Over the years, tenants have complained that landlords/property agents do not repay their caution fees when they move out. Have you ever experienced this kind of situation or do you know someone who has this annoying experience?
The truth about the caution fee is that under the law, you have the sacrosanct right to request a refund of the caution deposit you paid along with your rent. However, some landlords/property agents get in the way of this process intending to trick you and get away with it.
What is a Caution Fee/deposit?
The caution fee, according to Cambridge online dictionary is an amount of money that someone has to pay when they rent property, use a service, etc. which will not be returned if they damage something or owe money at the end of their contract
In other words, the caution fee is a sum, usually in the form of money, that a tenant agrees to pay the landlord before moving into the rented apartment which is refundable at the end of the lease if there are no damages done by the tenant to the property. However, as said above, some landlords and their agents do always want to get away with the deposit.
Below are some of the necessary steps to take to avoid damages
- Understand the lease agreement.
Some landlords will allow you to make certain changes to the property while others won’t. A change you might consider minor may be prohibited in the lease that you signed. If you want to make major changes; such as painting a room a new color, ensure you get the landlord’s permission (and make sure it’s documented) before you do so as it will help avoid a conflict later on
- Take necessary precautions.
Right From the moment you move in, start treating the apartment like it’s yours, When entering and leaving, be careful not to damage doors, walls, or floors. During your stay, keep the house clean and in good condition. Clean up spills on the counter and floor immediately, paying special attention to brightly colored rugs and delicate countertops. Respect the equipment to keep it in good working order when moved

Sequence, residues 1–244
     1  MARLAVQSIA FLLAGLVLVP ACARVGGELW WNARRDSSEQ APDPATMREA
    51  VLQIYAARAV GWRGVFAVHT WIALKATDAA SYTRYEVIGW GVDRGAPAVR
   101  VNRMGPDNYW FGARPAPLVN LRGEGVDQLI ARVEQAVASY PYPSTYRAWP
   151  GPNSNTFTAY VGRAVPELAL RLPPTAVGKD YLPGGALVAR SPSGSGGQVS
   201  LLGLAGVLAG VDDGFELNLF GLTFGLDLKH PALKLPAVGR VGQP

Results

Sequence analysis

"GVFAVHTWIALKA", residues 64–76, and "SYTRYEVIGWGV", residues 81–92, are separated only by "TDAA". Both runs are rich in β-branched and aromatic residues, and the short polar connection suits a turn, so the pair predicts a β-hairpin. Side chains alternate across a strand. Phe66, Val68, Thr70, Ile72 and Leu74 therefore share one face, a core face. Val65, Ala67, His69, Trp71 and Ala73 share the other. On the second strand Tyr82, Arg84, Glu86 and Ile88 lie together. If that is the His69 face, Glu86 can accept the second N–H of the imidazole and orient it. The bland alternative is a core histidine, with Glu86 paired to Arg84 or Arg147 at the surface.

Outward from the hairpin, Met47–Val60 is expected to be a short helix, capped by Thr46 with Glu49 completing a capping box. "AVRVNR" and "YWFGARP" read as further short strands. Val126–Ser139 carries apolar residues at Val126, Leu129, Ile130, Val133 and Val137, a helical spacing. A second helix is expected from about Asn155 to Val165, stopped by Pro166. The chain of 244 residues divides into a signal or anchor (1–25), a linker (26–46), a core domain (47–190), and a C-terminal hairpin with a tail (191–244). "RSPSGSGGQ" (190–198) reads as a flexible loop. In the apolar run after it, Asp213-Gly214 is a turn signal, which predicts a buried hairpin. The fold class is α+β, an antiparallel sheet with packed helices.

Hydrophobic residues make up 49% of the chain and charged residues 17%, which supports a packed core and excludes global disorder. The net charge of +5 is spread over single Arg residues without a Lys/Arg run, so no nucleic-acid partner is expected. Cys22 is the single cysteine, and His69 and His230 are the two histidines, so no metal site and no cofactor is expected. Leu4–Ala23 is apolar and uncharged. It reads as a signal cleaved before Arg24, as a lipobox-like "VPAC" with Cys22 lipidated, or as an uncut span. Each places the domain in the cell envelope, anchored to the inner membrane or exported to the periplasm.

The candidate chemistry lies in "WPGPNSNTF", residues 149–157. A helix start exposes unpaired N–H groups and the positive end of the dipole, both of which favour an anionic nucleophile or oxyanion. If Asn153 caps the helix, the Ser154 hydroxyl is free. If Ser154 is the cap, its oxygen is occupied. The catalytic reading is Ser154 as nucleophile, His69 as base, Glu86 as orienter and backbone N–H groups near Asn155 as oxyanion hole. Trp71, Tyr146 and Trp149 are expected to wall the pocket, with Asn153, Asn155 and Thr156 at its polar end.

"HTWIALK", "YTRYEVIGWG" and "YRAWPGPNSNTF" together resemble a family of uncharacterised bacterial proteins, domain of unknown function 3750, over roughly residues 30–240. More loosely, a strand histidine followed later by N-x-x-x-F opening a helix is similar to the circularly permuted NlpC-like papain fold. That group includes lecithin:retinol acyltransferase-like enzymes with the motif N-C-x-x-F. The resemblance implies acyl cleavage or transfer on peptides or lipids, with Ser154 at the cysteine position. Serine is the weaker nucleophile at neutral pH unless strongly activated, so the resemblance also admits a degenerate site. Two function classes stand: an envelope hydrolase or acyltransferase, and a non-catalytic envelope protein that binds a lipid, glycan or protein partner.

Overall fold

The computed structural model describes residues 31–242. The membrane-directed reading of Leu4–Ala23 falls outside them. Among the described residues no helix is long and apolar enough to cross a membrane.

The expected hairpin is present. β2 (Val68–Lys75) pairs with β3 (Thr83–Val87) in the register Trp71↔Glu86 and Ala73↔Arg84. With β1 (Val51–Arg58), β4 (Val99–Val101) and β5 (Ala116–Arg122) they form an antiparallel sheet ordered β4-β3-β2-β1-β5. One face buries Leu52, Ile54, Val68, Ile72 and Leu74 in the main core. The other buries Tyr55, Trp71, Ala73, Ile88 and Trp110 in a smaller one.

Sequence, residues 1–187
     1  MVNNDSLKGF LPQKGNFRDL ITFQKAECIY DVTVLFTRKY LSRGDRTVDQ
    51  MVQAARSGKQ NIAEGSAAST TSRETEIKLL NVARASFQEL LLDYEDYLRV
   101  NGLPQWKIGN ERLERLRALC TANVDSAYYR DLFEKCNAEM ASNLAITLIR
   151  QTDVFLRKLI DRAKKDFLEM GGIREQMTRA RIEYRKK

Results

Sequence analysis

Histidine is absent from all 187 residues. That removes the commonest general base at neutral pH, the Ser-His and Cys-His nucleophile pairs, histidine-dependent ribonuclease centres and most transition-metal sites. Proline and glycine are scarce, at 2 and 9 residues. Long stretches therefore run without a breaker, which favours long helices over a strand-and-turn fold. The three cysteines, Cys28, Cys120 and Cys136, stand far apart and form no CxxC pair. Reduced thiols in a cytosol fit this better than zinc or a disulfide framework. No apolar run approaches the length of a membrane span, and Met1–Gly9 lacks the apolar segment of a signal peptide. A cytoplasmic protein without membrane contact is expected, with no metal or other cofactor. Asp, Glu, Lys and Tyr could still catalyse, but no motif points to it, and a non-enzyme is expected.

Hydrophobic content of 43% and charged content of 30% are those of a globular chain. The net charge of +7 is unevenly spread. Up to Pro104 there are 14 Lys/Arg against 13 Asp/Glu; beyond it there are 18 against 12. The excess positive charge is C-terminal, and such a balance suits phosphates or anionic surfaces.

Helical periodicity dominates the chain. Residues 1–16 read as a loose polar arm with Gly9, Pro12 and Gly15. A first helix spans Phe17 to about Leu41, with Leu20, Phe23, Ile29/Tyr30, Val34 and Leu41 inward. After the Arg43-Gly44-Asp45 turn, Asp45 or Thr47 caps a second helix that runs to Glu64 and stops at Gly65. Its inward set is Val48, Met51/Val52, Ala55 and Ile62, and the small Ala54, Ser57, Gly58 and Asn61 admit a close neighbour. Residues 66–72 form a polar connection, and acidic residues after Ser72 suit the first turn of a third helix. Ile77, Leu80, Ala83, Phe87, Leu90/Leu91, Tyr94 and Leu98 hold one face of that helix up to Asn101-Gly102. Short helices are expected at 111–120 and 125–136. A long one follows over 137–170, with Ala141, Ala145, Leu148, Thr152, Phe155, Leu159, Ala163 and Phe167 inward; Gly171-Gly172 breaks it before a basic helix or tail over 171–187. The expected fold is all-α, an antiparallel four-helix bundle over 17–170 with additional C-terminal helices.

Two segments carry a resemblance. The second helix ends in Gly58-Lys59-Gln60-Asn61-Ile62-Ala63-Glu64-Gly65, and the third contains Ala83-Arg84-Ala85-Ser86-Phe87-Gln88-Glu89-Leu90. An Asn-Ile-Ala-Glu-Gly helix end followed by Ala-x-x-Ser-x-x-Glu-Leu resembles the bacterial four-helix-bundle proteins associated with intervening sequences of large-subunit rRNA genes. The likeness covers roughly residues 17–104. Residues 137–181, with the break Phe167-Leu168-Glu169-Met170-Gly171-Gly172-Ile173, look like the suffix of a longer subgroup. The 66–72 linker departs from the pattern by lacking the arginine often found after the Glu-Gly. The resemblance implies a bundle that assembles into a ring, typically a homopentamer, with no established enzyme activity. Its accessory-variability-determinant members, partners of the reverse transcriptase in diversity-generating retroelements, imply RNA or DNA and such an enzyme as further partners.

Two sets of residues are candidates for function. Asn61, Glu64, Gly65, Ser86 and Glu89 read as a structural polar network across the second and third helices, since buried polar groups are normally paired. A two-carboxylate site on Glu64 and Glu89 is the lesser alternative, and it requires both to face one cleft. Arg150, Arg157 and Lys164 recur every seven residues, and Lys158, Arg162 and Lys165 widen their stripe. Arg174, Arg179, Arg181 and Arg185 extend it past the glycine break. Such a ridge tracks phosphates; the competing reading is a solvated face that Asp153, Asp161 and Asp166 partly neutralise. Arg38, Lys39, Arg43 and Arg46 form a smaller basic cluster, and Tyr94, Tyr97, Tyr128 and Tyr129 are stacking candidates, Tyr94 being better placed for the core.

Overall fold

- Make Small Repairs.
It is inevitable for there not to be a need for repairs. Damages caused by your act should be quickly attended to.
- Report Damages.
Always ensure you report immediately damages that are not caused by you to the landlord. Damages involving more structure should be quickly relayed to the landlord in form of a document for prompt action. Don’t forget to take pictures of the damaged part of the house. Regardless of whether you want your landlord to fix the damage or not, you should still let your landlord know.
- Document Property/ Building condition.
It is sensible to take adequate photographs of the property when you are moving into the apartment as well as when you are moving out of the property. This document should be presented to your landlord when you’re moving out to avoid disagreement over
The response you get will determine whether you’ll need to carry out any repair works while you can still carry them out. If your landlord’s feedback indicates that there is no reason to hold on to your caution fee, push to get it at this meeting.
What if Your Landlord Refuses to Pay?
If your landlord refuses to refund part of your caution fee or all of it, try to negotiate. You can only negotiate for this if the refund is included in your lease agreement and this is why you need to go through the document thoroughly. The caution fee is usually a minimum of 10% of your rent so, you have to decide if the specific amount of money involved is worth your time and resources especially if you are tempted to pursue it legally.
Final Thoughts on Getting Your Caution Fee Back
While it is a known fact that there are horrid landlords who derive twisted pleasure from ripping you off, there are still good homeowners who are eager and willing to hand over your caution fee as soon as you decide to relocate especially if the property is not adjudged to be damaged.